In sports, as in life, a coach’s value doesn’t always show up in a box score.
Sometimes you have to dig deeper, look beyond the victories and defeats, to get the truest measure of success.
Tim Mancuso, who recently retired as Atlantic City High School’s wrestling coach, never had a winning dual-meet record in his 11 seasons. In most years, he had trouble fielding more than half of the 14 weight classes.
Yet he was regarded as one of the top coaches in the area. The Atlantic City resident was honored for his dedication and commitment to the sport by the South Jersey Wrestling Coaches and Officials Association this month.
“It was very humbling,” said Mancuso, who will continue to teach at the Texas Avenue School in Atlantic City. “It meant a lot.”
Mancuso, 59, initially oversaw a youth wrestling program, then moved up to the high school level when he took over at his alma mater, Holy Spirit, in the 2005-06 season, when his son Mac was a freshman.
A year later, he guided two wrestlers to the state individual championships at Boardwalk Hall. Mac, now a Spartans assistant coach, won a state championship that season at 189 pounds as a sophomore. Freshman Sean Boylan finished second at 103.
In some ways, he experienced more success after becoming Atlantic City’s coach in 2007-08. The Vikings’ wrestling program had folded in April 1990 after 31 years. The bulk of the kids who came out for the team that first year back had no experience. Their idea of wrestling was the WWE version.
Practices were conducted in Atlantic City’s football locker rooms. Mancuso enlisted the help of former local wrestlers such as state champions Cory and Justin Bird, Jeff Black (now a Vikings assistant coach) and Jack Corcoran.
“We spent the first few weeks teaching the kids how to sprawl (to fight off takedowns),” Mancuso said. “We taught them one move, a front headlock into a cement mixer. It wasn’t until later that they learned how to shoot (diving at an opponents legs to get a takedown).”
The following season, they Vikings earned their first varsity win since that 1989-90 season with a 42-39 victory over Overbrook. Scott Heath clinched the win with a pin in the final bout of the match. And he did it with a cement mixer.
To get them as much experience as possible, Mancuso would take his wrestlers to summer tournaments all over South Jersey. He’d leave his house at 5 a.m., drive all over the city to pick up the kids at their houses and frequently would not get home until 11 p.m.
Many of the wrestlers also had jobs, which made attendance difficult.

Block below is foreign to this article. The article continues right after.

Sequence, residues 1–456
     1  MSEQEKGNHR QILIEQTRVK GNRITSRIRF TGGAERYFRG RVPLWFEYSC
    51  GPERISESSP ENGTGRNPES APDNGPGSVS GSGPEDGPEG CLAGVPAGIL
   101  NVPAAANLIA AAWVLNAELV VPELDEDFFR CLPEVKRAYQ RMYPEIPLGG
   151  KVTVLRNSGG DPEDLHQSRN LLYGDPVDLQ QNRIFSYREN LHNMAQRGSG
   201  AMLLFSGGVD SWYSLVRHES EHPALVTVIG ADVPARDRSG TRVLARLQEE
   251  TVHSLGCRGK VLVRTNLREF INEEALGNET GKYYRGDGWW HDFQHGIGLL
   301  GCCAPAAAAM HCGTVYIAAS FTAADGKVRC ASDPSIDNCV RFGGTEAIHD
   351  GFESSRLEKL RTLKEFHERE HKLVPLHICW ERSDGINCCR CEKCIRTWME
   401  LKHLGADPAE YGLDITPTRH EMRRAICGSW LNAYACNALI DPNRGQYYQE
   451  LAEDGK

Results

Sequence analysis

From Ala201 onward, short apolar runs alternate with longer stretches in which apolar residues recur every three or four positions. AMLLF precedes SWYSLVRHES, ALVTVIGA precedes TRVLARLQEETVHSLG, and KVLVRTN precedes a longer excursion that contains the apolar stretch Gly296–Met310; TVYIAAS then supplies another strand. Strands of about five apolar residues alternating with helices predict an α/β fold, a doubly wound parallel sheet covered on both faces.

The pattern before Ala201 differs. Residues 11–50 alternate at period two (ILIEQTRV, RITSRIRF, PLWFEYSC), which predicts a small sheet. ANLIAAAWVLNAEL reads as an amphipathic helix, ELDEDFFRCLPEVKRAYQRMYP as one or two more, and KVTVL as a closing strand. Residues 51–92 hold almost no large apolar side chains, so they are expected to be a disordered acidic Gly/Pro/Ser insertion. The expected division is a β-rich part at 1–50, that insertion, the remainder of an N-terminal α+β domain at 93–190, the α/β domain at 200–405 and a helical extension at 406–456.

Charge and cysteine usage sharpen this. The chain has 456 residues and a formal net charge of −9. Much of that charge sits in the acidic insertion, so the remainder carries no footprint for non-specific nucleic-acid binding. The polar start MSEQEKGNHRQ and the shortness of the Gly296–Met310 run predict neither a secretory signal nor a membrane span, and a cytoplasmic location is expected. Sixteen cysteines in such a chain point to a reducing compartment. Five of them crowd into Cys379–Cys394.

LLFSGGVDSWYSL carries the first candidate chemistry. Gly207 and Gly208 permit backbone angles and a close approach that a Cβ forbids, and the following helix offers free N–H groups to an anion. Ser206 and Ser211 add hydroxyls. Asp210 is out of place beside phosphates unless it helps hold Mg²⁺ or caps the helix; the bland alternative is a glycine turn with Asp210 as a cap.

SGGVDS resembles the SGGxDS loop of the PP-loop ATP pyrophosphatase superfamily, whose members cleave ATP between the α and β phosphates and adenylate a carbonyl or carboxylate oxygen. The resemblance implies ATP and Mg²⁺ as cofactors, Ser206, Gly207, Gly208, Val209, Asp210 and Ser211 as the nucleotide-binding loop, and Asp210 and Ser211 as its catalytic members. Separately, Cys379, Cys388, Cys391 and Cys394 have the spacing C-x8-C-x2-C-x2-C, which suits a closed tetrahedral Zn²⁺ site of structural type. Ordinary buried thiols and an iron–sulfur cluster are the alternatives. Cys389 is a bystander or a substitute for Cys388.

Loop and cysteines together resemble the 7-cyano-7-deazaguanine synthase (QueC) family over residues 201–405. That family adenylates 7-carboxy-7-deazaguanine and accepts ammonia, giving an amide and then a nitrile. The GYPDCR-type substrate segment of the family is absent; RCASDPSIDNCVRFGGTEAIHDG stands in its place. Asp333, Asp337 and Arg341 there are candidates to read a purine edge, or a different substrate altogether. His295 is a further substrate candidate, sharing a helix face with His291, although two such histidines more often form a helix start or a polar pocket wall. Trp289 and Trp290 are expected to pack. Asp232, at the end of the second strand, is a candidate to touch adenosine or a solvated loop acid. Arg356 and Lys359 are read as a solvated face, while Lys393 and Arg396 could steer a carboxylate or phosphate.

“I remember one time I picked up a kid for a tournament at the Knife and Fork (restaurant),” he said with a laugh. “We get to the tournament and the kid asks me, ‘What time is this going to be over?’ I said, ‘I don’t know, why?’ and he said, ‘because I have to go to work when we’re done.’”
With experience came individual accomplishments. A lack of depth prevented the Vikings from excelling in dual meets, but they thrived once the state individual competitions began.
Julio Matos-Nunez won a district title in 2011. Two years later, Cesar Balmaceda won a title. Balmaceda and Joe Cutugno qualified for the state championships in 2013 and 2014, respectively, and barely missed placing.
Balmaceda was perhaps the best example of Mancuso’s impact on the program.
Balmaceda was raised by his paternal grandmother, Ligia Hiraki, and relatives in Atlantic City after his mother died of breast cancer when Cesar was just 3 months old. When he was 6, his father was deported to Nicaragua after a series of legal troubles.
Cesar nearly dropped out of high school but decided to try out for the wrestling team as a sophomore on the advice of a friend.
He was living with his grandmother when their first-floor apartment was destroyed by Hurricane Sandy his senior year.
Mancuso was there for him.
“I can’t say enough good things about Coach Mancuso,” Balmaceda said. “He was always there for me, taking me to all those tournaments, always ready to help. When my washing machine broke, he took my clothes and washed them for me. He was like the father I never had.”
Balmaceda, 24, is the Cage Fury Fighting Championships interim lightweight champion. He’ll defend his title May 17 at Hard Rock Hotel & Casino Atlantic City.
Chances are, Mancuso will be there.
He’ll always be in Balmaceda’s corner, just as he was for dozens of other wrestlers, both on and off the mat.
Those are the victories that count the most.
David Weinberg’s Extra Points column appears Wednesdays and Sundays in The Press.